Archives for February 2011

School Zone Cozy

This school zone speed limit sign got cozied. Located near Odyssey Elementary in Colorado Springs, this post got a snowflake coat for winter. My sister said it looked like spiders crawling up the post. Now, of course, all I can see is spiders! I hope it doesn’t freak the kids out. The snowflake pattern was done with a little Fair Isle and intarsia. The yarn was Red Heart; hook size L.

Adapting Patterns, Variations on a Theme

Often we fall in love with knit and crochet patterns based on completed projects we see. Sometimes, however, the project isn’t quite to our liking. Learning to see through projects to what they could be when adapted will increase your options.

Mr. and Mrs. Sock Monkey

Case in point, my sister wanted a sock monkey ski helmet cover. Up to this point I had only crocheted a sock monkey hat. Rather than wait for a pattern to appear online, I used the basic directions for the sock monkey hat and adapted it where it needed it. Since I was making one for her husband as well, I decided to make them Mr. & Mrs. Sock Monkey. Simple adaptations in the form of eyelashes and longer stranded pom-poms feminized it. Adaptations in the form of increased rows and sizes of rows helped them fit on the helmets. I also decreased around the brim so it would naturally hug the helmet and stay on.

A simpler adaptation to make is changing color. It is amazing how different a project looks when done in a different color. For Christmas I made five ponies from the same pattern. I hate to say it but some of them were cuter because of the color of yarn! The more colorful ones reminded me of the “My Little Pony” toys. I also made other adaptations based on recipient request. One pony became a unicorn. Another a Pegasus. For the Pegasus, I followed the directions for the wings of a dragon. This simple change saved me lots of time in trying to create a wing pattern. The horn I had to made on my own.

Thinking back on my childhood, I remembered how enamored I was with horses that had stars on their foreheads. The simple adaptation of a second color made the brown pony unique.

I hate to say that the color can make or break the project, but it is true. There have been times where the project I made just didn’t work for me because of the colors I chose. It’s a little disheartening when you spend so many hours on the project!

Making adaptations is easier to do when you have experience making similar projects. I made a Max doll from “Where the Wild Things Are” for my nephew. There were a few aspects of the original pattern I didn’t like. Because I had made a similar sized doll before, I used the leg construction of the other doll to make the legs for Max. I also made a different crown because I didn’t like the one in the pattern. Minor adjustments to the eyes, nose and hair, and I was much happier with the doll.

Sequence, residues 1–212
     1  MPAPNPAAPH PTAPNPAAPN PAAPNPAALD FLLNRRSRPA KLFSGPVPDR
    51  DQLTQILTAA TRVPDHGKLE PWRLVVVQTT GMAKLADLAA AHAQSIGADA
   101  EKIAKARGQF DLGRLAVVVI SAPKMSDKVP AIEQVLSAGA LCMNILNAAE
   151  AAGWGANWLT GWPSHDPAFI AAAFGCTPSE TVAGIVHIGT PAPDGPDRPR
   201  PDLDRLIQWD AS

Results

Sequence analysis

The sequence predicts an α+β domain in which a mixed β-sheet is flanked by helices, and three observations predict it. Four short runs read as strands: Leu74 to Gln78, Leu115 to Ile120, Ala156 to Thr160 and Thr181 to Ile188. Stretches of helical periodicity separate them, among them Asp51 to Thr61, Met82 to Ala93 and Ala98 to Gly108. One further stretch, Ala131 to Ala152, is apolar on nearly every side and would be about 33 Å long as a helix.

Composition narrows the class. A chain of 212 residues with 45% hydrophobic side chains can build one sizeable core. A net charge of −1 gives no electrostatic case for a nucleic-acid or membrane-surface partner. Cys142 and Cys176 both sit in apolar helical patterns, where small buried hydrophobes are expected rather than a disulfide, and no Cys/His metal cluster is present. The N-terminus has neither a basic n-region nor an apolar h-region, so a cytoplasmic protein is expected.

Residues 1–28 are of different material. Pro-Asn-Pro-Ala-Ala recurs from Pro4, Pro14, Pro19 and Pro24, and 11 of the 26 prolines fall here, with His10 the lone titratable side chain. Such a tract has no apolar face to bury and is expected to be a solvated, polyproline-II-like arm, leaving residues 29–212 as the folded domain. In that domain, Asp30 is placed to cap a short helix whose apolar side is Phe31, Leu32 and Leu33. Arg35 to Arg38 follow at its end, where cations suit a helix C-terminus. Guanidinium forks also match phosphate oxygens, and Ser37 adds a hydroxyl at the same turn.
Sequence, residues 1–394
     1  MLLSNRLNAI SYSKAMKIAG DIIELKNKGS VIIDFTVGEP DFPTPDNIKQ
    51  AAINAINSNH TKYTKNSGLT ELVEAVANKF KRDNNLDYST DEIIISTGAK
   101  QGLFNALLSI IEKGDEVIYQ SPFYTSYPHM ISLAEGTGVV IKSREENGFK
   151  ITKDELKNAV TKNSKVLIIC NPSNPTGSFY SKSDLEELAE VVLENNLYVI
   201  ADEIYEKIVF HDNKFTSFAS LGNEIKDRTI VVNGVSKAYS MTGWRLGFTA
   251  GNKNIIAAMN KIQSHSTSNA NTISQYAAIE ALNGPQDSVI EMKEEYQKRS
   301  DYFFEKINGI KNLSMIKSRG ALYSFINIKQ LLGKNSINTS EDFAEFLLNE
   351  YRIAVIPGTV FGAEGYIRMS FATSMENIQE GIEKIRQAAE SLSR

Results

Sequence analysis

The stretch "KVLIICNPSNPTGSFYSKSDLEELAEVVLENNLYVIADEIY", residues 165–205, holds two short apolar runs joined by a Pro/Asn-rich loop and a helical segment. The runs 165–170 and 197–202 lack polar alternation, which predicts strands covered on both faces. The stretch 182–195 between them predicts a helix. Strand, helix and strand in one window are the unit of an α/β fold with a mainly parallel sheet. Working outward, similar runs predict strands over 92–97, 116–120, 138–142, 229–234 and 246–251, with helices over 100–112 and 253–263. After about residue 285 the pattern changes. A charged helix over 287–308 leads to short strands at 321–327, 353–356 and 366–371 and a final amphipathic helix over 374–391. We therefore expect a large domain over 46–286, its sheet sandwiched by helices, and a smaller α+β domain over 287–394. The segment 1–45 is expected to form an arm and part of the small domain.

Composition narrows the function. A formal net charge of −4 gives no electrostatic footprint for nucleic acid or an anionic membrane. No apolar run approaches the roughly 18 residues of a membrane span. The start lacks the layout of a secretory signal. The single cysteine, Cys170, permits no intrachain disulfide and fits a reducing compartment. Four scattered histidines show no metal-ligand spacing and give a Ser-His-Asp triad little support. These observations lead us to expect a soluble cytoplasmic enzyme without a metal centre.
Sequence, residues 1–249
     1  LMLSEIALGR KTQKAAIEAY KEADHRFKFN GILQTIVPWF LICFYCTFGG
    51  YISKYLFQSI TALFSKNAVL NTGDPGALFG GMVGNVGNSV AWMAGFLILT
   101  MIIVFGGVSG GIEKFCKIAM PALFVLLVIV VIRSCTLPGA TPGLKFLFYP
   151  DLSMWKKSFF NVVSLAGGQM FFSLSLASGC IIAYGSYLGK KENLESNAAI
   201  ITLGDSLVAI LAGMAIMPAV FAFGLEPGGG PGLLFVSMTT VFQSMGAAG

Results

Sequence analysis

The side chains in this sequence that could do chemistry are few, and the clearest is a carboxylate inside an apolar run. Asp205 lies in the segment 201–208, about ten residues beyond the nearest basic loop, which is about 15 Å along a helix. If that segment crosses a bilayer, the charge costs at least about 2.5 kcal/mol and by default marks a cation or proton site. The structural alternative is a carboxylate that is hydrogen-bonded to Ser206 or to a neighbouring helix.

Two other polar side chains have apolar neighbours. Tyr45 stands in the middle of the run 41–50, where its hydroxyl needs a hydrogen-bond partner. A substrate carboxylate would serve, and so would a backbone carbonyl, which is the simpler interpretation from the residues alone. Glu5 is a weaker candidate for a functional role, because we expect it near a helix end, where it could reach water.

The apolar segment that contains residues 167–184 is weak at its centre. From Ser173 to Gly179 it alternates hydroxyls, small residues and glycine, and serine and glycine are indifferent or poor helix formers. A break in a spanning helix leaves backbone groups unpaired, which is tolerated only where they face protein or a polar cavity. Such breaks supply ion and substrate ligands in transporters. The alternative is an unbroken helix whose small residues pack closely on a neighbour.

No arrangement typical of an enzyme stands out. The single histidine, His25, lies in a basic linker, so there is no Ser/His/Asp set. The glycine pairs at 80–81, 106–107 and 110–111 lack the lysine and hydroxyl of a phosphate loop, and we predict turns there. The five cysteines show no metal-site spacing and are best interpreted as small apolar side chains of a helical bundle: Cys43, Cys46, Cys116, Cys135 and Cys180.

I followed the entire pattern for the giraffe project (below) except for the spots. It called for sewed spots. I wasn’t sure I would do them adequately so I crocheted each spot. In the end it was probably the longer/slower way to make the spots, but I was happy with the result. It was a minor change, but had a significant impact aesthetically.

Adapting patterns may require extra time and reworking of various sections, but they can be well worth the effort. Give yourself plenty of time to play with the pattern and don’t be afraid to experiment with color. You may not like every change you’ve made, but that will add to your knowledge of the craft and help you make future decisions.

My Little (Colorful) Pony

I fell in love with Paola Navarro’s pony the first time I saw it on Ravelry. Being more traditionally bent, I made my first pony brown, though I added a “star” to the forehead for fun. It was my mother who suggested something more colorful for the second. It was then that I remembered that kids love color and the more colorful ones would look like My Little Pony. Thus the variety you will see.

The pony is made in parts and sewn together. The parts are done in the round. The star either needs to be done in rows so the white yarn can be picked up each time, or a new strand of white has to be added each time you come around.

The turquoise was my mother’s idea. It became one of my favorite colors. The girl to whom this would go asked for a unicorn, so I added the horn on top.

I wouldn’t have put green with this turquoise color, but that is how the variegated yarn was made.

The pink pony was a given. Actually two of my nieces love pink, so I wasn’t sure what to do at first! I solved the dilemma by going to the store and getting purple yarn for the next pony!

I was a little concerned about the last pony. A niece requested a pony with wings. I decided to try using the wings from Paola’s dragon. Fortunately, they seemed to do the trick.

Related Posts Plugin for WordPress, Blogger...